By PAC Intern Nicole Rybak
Whether in the homeland or abroad, going into a European specialty store, one’s eyes can feast on the beauty of glazed pottery decorated with images of colorful flowers and soft-edged patterns. Abroad, this type of pottery may be considered traditionally Polish, but it actually originates in a region of the country that through this beautiful pottery, pays homage to the abundant nature present within it: Kashubia, or Kaszuby.
Located in Northern Poland, Kashubia borders with Germany (from which much of its cultural and linguistic influence comes), and boasts a population of about 500,000. While the region is often grouped together with other indicators of Polish culture, the area is culturally, and more importantly, linguistically distinct from the rest of the country. While the aforementioned pottery may provide the most wide-spread association with the territory, the fascinating linguistic difference is often forgotten, despite playing a large role in the cultural presentation of many communities that live in the Kashubian region.
We know that different dialects exist within any given language; for example, English presents us with AAVE, or Spanish is spoken differently in Mexico and in Spain. The distinction between Polish and Kashubian is much more drastic than in the aforementioned examples. Yet, this major difference was only recently recognized in 2005 by the European Charter for Minority or Regional Languages, which ruled that Kashubian is, in fact, its own language rather than a dialect, by its characteristics.
Some of these differences include the softening of word-final consonants (such as “Bóg” or “God,” in Polish pronounced b-oo-g, would become b-oo-k in Kashubian) and the removal of certain end vowels (“poranek” or “morning,” in Polish pronounced poh-rah-neck, would become “pòrénk” or p-oo-reh-nk in Kashubian). Aside from pronunciation differences, many terms to describe certain items also differ from Polish. For example, “nos” or “nose” is often “cnjik,” and “mgła” or “fog” is “doka.” Of course, because of the linguistic variation even within the small region, some terms may vary. If you speak Polish, a song to see more of these differences can be found here: https://www.youtube.com/watch?v=Fo5vzZA8gP0.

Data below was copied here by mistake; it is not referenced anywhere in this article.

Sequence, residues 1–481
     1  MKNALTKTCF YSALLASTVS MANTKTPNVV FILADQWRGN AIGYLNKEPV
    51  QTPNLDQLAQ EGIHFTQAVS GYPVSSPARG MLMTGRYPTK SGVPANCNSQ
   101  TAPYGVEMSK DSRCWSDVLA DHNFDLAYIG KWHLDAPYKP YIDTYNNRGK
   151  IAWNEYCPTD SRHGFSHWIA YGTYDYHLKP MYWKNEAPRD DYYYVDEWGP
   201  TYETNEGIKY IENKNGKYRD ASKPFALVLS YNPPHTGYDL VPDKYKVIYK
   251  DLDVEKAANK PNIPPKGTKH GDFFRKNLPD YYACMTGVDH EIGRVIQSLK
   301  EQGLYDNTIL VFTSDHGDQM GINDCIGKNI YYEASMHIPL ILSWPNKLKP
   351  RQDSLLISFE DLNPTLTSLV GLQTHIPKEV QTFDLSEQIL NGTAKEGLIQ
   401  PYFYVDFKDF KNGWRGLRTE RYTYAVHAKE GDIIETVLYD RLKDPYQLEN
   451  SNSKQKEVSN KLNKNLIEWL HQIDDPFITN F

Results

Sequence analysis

Of the approximately 500,000 residents of the area only about 233,000 consider themselves Kashubian and a little over 100,000 of the population considers themselves a speaker of the language, according to the 2011 census. This doesn’t seem like a lot; many of the region’s residents simply identify themselves as Polish, and speakers of the said language. This, of course, doesn’t mean that the pride in their language is any less. Starting in the 19th century and continuing into the 21st century, many Kashubian writers and other intelligentsia began to promote their cultural distinction from Poland, writing works in their original language. One of the most prominent authors of the Kashubian linguistic and cultural movement was Aleksander Majowski, who wrote “The Life and Adventures of Remus” or “Żëcé i przigodë Remusa,” which was published in 1938 and reprinted in both Kashubian and other languages many times since, showing that both the fascination with and pride of the tongue continues. Relatively modern-day authors include Ida Czaja, Hanna Makurat, and Tomasz Fopke, just to name a few. While not many works have been published since the larger pre-World War II Kashubian cultural movement, the works of these modern-day authors (whether they are dictionaries, literary works, or songs) show the close association of the language to Kashubian regional pride, despite not everyone in the region speaking the language.
While not a large movement, the linguistic independence of Kashubian is definitely charged with those filled with pride for everything that makes their region different and fascinating, not just the beautiful pottery. Linked here is a Kashubian folk song that expresses these powerful sentiments: https://www.youtube.com/watch?v=p_tdcWfUxkQ.
Literary Work: Żëcé i przigodë Remusa by Aleksander Majkowski